Discovering the fireplace just tacked at least a couple thousand dollars onto my project and brought into question the home’s floor plan once again.
I would not know what to do about this until I got the fireplace experts over there. I like the idea of having a nice fireplace but if the cost was prohibitive then I might have to pull it out completely. It raised a lot of questions.
I met with my fireplace contractor and the numbers were not looking good. A new fireplace insert was expensive enough but then they would also have to rework the chimney. Even though it was a metal chimney, not masonry, it was still going to cost around $7,000 or $8,000 to replace the entire system. I ended my meeting with the fireplace contractor with no clear answers.
Later that day, she called me back and told me she had found a nice ventless, double-sided, fireplace. She could get it installed for around $3,000 total. That was great news. I opted to have the fireplace raised several feet off the ground to make it a real focal point of the space.
Now with this nice focal point fireplace going in we couldn’t let it be hidden by the poor location. I really needed to change the home’s layout. My general contractor and I walked the house and came up with a design.
The plan was pretty simple. We’d tear out the walls surrounding the galley kitchen and extend the kitchen clear to the back wall of the home, eliminating the formal dining area. The space housing the kitchen, formal dining and family room would become one large eat-in kitchen with lots of cabinets, granite countertops, a huge center island and, of course, the new fireplace.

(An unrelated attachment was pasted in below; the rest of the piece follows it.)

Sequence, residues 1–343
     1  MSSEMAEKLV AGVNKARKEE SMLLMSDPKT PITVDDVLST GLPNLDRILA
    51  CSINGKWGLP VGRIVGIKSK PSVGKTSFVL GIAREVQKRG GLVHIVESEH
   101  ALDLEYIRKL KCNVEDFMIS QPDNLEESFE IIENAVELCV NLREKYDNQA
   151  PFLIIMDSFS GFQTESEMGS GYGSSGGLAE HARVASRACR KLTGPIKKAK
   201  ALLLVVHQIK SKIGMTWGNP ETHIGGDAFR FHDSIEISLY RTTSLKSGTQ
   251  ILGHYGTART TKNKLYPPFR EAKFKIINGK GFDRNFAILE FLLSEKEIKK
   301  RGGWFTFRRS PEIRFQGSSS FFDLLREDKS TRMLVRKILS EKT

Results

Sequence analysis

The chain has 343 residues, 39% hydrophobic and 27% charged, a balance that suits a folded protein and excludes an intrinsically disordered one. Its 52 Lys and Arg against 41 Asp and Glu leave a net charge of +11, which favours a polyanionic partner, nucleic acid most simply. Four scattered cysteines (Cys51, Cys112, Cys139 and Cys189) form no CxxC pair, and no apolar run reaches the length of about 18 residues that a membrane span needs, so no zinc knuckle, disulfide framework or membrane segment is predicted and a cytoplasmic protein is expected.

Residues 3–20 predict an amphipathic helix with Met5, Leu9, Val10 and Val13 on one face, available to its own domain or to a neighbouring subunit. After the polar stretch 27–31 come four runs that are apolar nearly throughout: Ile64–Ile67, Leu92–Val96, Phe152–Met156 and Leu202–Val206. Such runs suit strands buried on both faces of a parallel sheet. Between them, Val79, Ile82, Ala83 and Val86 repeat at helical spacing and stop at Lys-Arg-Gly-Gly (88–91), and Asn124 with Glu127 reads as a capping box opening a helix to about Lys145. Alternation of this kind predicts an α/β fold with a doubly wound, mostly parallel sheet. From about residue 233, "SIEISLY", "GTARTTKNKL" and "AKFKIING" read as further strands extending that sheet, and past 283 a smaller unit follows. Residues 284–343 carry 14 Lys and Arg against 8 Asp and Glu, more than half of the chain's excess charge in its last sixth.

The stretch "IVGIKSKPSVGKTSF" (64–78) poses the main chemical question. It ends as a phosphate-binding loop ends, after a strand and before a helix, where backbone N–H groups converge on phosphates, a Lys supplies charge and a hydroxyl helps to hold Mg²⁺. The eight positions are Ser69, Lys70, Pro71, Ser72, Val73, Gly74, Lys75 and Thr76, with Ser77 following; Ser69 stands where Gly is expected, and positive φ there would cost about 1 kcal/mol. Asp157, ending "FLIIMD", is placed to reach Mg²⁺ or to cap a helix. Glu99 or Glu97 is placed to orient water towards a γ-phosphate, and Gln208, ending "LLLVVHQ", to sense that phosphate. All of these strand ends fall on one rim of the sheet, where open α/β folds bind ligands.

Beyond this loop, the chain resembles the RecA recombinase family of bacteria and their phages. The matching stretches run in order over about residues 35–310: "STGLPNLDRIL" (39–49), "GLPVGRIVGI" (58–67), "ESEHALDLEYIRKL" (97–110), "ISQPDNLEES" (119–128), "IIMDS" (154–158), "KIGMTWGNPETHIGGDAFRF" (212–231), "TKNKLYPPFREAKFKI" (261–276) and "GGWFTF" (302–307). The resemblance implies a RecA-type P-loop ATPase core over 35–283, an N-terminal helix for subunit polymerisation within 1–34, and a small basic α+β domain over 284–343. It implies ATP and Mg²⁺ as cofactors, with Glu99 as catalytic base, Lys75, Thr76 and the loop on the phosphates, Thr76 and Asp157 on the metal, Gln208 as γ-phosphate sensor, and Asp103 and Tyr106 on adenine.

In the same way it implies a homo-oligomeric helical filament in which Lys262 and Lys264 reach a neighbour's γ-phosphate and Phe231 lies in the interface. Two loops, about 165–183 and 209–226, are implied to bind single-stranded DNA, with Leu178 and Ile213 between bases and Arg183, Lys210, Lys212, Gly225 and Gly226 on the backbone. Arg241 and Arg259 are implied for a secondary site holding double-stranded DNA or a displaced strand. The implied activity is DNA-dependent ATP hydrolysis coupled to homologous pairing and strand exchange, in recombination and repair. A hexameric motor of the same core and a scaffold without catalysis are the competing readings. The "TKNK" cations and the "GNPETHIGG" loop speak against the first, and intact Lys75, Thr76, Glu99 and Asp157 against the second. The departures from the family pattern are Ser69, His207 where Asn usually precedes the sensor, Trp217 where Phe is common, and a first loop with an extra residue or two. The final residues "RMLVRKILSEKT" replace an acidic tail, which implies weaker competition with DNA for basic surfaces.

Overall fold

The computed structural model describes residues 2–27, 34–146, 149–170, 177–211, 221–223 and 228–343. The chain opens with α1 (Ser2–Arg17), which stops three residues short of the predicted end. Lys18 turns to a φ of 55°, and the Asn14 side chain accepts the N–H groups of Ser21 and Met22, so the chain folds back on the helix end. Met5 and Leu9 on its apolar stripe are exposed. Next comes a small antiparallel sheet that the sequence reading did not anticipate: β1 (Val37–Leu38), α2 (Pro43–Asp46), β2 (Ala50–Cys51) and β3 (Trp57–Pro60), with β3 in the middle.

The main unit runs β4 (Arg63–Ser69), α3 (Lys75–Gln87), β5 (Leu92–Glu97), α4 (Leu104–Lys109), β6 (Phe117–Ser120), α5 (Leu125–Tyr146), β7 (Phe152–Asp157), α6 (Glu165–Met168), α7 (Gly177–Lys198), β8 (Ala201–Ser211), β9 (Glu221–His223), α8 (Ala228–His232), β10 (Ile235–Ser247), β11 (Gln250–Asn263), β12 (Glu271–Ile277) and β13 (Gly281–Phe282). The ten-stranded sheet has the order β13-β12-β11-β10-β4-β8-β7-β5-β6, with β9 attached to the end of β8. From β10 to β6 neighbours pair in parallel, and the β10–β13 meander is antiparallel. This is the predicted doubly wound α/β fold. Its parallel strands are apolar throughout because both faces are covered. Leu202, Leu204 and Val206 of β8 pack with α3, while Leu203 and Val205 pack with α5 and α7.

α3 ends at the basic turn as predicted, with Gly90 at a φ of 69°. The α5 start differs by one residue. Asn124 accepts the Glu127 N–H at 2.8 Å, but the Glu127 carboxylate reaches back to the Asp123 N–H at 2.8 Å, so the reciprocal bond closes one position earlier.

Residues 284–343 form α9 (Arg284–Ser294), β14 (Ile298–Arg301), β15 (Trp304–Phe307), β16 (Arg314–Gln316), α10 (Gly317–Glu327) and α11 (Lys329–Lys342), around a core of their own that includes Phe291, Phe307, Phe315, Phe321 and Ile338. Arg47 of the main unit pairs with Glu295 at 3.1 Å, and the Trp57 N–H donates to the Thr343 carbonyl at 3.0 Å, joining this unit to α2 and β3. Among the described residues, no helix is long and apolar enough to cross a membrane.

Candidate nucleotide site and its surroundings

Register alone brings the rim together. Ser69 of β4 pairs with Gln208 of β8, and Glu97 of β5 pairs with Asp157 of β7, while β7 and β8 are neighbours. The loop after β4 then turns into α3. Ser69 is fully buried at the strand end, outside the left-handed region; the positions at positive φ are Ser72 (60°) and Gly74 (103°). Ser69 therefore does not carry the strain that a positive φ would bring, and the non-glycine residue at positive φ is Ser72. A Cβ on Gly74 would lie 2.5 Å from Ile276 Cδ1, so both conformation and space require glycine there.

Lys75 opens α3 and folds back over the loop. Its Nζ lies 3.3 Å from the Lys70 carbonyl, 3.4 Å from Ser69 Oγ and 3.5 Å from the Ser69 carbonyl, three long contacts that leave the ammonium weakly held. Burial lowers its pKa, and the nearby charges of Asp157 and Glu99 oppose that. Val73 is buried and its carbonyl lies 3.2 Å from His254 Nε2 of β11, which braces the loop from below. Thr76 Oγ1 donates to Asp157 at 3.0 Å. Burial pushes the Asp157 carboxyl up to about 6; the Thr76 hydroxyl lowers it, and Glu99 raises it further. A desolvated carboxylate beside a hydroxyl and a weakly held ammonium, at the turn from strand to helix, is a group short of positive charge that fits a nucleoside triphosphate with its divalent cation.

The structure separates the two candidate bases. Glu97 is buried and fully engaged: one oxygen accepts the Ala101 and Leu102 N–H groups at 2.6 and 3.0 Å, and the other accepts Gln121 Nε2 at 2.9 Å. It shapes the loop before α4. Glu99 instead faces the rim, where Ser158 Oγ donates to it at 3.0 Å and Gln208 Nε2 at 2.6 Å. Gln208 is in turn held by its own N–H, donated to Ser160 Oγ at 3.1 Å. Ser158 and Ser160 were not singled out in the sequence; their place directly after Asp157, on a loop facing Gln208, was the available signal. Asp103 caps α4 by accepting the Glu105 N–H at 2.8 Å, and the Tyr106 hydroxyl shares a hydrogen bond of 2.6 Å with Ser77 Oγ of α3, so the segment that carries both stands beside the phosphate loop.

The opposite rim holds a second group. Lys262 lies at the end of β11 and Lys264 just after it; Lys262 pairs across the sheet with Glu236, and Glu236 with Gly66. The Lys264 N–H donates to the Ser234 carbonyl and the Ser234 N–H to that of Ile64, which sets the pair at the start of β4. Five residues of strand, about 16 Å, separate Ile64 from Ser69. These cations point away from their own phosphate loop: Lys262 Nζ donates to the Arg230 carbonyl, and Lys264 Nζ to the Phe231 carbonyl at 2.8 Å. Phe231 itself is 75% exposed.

The old eat-in area of the kitchen would become a formal living room where unexpected guests could be ushered without seeing the rest of the home. This new living room would be positioned on the back side of the double- sided fireplace and benefit from lots of natural sunlight from the huge bowed window.
The plan was simple but still risky because none of the other houses had kitchens this big. However, I was sure people would be willing to pay a premium — but determining how much a premium was not so easy. And, even if a buyer were willing to pay, would an appraiser recognize the value?
After firming up the design we determined that the layout would cost an additional $2,000 in wall framing and drywall, another $1,000 in electrical and a couple thousand dollars in additional cabinets, countertops and tile backsplash. We also decided to keep the hardwood and run it through the kitchen. So there was another $800 in hardwood that we needed to match and finish with the rest of the house.
The new kitchen was only going to cost around $6,000. I was confident the kitchen would return at least an additional $10,000 so the new design was a go. I ended up throwing a little more money into the space because the fireplace company really didn’t have a mantel or trim that I liked, so I opted to make the entire fireplace wall an accent wall. I covered it with a real slate stone that accented the dark cabinets and stained floors and it clashed and collided with the soft light color on all the walls to create some real interest.
It’s hard to imagine that an entire fireplace could be missed during multiple walk-through inspections. But as far as renovation surprises go this one ended up being one on the more pleasant side of the surprise spectrum even though it did not seem that way at first.
In the end I’m very pleased with the way the space turned out.